Foreword Reviews

Project Dark Savior

Clarion Rating: 2 out of 5

“The early morning sky had a slightly pinkish hue that reminded Ewan of blood tainted water.” This is the opening line of E.A. Mourn’s crime thriller Project Dark Savior which struggles to tell the now age-old tale of a detective revisited by murderous demons from the past.

Detective Liz Wylde is seemingly haunted by the spirit of a serial killer the unfortunately named Billy Vegas as a new series of murders occurs along the Florida coast. Now she is forced to reopen wounds that never fully healed and investigate the murders in the hopes of stopping them once and for all. Of course Billy Vegas is dead and it isn’t his spirit that is responsible for the murders but “some new breed of serial killer” that may have been created by the United States government.

If the story sounds familiar that’s because it has been done before. Think Silence of the Lambs meets The X-Files in which this scenario has been achieved with far better results. The most glaring problem here is the fact that Mourn’s prose lacks true depth. From the start it is apparent that she has read one too many crime novels and is simply trying to create an underlying atmosphere that is dark and brooding. Her descriptions fall flat and her characters never take the form that is she is trying so hard to mold them to; this a sad reality since this is the first novel in a forthcoming series dedicated to yet another traumatized detective.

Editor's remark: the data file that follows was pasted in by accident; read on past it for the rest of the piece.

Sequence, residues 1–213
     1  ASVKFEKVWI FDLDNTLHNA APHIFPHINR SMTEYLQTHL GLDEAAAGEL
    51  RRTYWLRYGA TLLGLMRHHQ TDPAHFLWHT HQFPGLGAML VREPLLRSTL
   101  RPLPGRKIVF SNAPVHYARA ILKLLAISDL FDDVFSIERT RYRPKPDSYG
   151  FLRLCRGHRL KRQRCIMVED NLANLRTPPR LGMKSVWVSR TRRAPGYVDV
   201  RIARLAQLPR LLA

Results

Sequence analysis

“‘It’s going to be a miracle if we find so much as a skin cell in here’” one detective says at the scene of a crime. “‘Have forensics go through everything and we’ll see what they come up with okay?” With statements like this Mourn is unable to properly capture the world of the investigative squad. Instead of going into real detail about the crime scene investigation process she falters and steps back when it matters the most. As a result the plot twists are unsurprising and don’t pack the intended punch.

The bright side to the story is that Mourn’s writing ability is fairly strong and with a little more practice (which this series is sure to give her) the stories may begin to take shape in an entirely new light. The author understands how to tell a story and when to shock her reader but her skills need polishing before the desired effect is fully realized.

Disclosure: This article is not an endorsement, but a review. The author of this book provided free copies of the book and paid a small fee to have their book reviewed by a professional reviewer. Foreword Reviews and Clarion Reviews make no guarantee that the author will receive a positive review. Foreword Magazine, Inc. is disclosing this in accordance with the Federal Trade Commission’s 16 CFR, Part 255.

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